E-commerce in Egypt: A giant in the making
Online shopping in Egypt is growing, having attracted millions in investment since the 2011 revolution, but will this nascent industry take off?
Deya Abaza, Tuesday 19 Feb 2013
With Egypt’s economy in disarray and its prospects looking increasingly bleak two years into the post-revolutionary period, there are few sectors to which terms like “growing” and “attractive” are still applied. This is not the case however, for Egypt’s internet economy, which in 2011 accounted for 1.1 per cent of GDP, according to a 2012 Boston Consulting Group (BCG) report.
E-commerce in particular, generally defined as the buying and selling of goods and services online, has attracted millions of dollars from local and international investors eager to tap into the potential of the Egyptian market, which, with its 31 million internet users, has the largest population of internet users in the MENA region.
"We believe that e-commerce is a particularly attractive segment of the technology market with very strong growth potential,” says Tarek Assaad, managing partner at Ideavelopers, an Egyptian venture capital fund investing in early-stage technology companies.
In 2011 Ideavelopers invested $10 million in nefsak.com, an e-commerce website selling a wide range of goods from a variety of brands. Launched in late 2008, Nefsak was the first website of its kind in Egypt that gained traction. “People thought we were crazy,” recalls founder Sherif Nassar.
The gamble seems to have paid-off, as Nefsak is now one of a trio of large multi-category online stores in Egypt, along with souq.com and jumia.com. Souq’s Egypt site was established by Dubai-based Jabbar Internet Group in early 2011, and is now the only such website to figure among the top forty visited in Egypt, according to web analytics site alexa.com.
Egypt’s jumia.com, launched in July of last year, was created by Rocket Internet - a German company that specialises in launching online retail sites in the style of Amazon at lightning speed in countries worldwide. Jumia, which was launched almost simultaneously in Egypt, Nigeria and Morocco, has since rocketed in the rankings of sites visited in Egypt, becoming number 100.
Jumia benefitted from the investment of tens of millions in Rocket Internet by JP Morgan bank. Multinational media group Naspers Limited and investment manager Tiger Global reportedly invested similarly large sums in Souq.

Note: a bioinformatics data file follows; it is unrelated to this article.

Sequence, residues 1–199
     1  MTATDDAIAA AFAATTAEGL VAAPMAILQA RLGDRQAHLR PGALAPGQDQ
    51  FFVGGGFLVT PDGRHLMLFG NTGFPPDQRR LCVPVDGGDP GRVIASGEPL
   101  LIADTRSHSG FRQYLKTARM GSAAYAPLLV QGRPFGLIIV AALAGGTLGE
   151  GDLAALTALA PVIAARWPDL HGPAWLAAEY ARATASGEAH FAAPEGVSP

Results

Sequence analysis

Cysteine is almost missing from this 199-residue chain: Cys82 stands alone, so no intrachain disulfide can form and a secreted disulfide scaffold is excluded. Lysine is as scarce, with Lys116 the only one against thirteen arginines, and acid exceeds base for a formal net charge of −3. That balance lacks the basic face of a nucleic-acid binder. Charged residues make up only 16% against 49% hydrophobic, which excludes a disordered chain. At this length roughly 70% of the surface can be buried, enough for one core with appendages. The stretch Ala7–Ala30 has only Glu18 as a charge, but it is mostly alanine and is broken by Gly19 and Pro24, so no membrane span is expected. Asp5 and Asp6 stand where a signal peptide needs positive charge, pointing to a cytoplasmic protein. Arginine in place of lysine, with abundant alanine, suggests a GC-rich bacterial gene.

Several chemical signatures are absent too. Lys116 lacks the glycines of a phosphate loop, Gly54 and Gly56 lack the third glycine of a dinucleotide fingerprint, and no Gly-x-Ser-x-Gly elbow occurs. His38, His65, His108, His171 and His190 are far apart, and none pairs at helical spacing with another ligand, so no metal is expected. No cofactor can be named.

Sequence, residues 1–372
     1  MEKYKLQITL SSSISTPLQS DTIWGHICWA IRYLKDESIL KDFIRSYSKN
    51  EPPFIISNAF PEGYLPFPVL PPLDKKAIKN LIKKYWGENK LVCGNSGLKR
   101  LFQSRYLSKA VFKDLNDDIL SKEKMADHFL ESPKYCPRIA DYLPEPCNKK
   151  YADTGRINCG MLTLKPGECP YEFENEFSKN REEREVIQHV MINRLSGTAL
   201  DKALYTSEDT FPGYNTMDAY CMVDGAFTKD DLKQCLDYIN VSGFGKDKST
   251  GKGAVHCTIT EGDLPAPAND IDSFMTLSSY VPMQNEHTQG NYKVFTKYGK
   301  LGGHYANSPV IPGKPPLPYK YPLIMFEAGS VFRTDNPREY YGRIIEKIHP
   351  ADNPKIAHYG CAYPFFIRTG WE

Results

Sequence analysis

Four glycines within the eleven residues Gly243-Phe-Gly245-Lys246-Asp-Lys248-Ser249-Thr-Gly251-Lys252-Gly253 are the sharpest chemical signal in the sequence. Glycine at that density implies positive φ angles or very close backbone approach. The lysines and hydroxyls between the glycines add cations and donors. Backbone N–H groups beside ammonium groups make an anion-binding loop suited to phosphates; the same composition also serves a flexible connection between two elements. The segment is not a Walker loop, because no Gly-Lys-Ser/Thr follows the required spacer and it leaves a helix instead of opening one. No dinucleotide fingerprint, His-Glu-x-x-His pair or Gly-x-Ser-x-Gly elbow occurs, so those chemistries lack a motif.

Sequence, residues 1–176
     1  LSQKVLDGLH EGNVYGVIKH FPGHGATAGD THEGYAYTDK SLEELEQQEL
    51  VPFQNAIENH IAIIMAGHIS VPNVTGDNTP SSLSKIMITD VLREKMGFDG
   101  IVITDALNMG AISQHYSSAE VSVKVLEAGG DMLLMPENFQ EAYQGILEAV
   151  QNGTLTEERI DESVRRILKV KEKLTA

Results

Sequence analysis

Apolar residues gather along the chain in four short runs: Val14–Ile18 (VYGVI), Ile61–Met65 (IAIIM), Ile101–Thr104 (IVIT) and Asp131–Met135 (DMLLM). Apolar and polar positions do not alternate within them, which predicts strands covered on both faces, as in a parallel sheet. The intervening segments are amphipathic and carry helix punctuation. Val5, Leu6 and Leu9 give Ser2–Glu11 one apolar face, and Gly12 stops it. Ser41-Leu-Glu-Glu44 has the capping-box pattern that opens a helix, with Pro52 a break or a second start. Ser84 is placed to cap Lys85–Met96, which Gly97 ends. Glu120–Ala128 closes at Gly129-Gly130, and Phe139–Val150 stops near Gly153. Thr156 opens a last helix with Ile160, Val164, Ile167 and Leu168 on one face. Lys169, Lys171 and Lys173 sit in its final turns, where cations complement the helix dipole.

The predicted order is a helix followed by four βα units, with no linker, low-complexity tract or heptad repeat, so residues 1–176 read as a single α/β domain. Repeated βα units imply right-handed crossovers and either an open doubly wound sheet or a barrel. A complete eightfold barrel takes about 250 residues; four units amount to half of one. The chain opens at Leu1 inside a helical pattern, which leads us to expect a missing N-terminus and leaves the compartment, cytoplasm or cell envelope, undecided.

Yet as much as it seems to make investors salivate, e-commerce represents only 0.2 to 0.3 percent of retail spending in Egypt, according to BCG. “We are only scratching the surface when it comes to e-commerce in Egypt,” says Omar Sodoudi, general manager of Souq.
Obstacles include low credit and debit card penetration in a population where only 9.7 percent of all adults have an account at a formal financial institution, according to the World Bank.
What’s more, even card owners in Egypt “are afraid to shop online,” says Jumia managing director Jeremy Doutte. To encourage buyers, online retailers have offered cash on delivery forms of payment in addition to secure online payment, and focused on providing strong customer services to build consumers’ trust in the entire process.
Ali, 21, recently purchased a Samsung Galaxy S3 mini mobile phone from souq.com. "I have no time to go to the shop and look for a phone, so I looked on the internet, and when I found a good offer, I made my decision."
It was his first online purchase, and he opted to pay in cash upon delivery, even though he owns a card, as the safer option. "I didn't want to pay online and then discover it wasn't the phone I chose when they delivered it. I would not have bought it otherwise," he said.
E-commerce in Egypt has also not been impervious to the economic impact of the revolution, agreed Nassar and Sodoudi. Though it could be argued that the upheavals of the revolutionary period have made online shopping an appealing alternative to bracing traffic and protests, the economic crisis has meant that Egyptians are saving more and shopping less—be it online or offline.
In November 2012, Nielsen reported that 64 percent of Egyptians predicted that their purchases would be restrained, a seven percent increase from the previous quarter.
“But in spite of short term uncertainty, the e-commerce market is growing in comparison to other sectors of the economy,” affirms Ideavelopers’ Assaad.
“E-commerce will witness the largest growth [in the coming years] if only because Egypt is a virgin market,” explains Nassar. That, ultimately, explains the “scramble for Egypt” among international e-commerce companies and investors.
It remains to be seen whether investments will pay off, but it seems that in the meantime, Egyptian online shoppers will be spoilt for choice.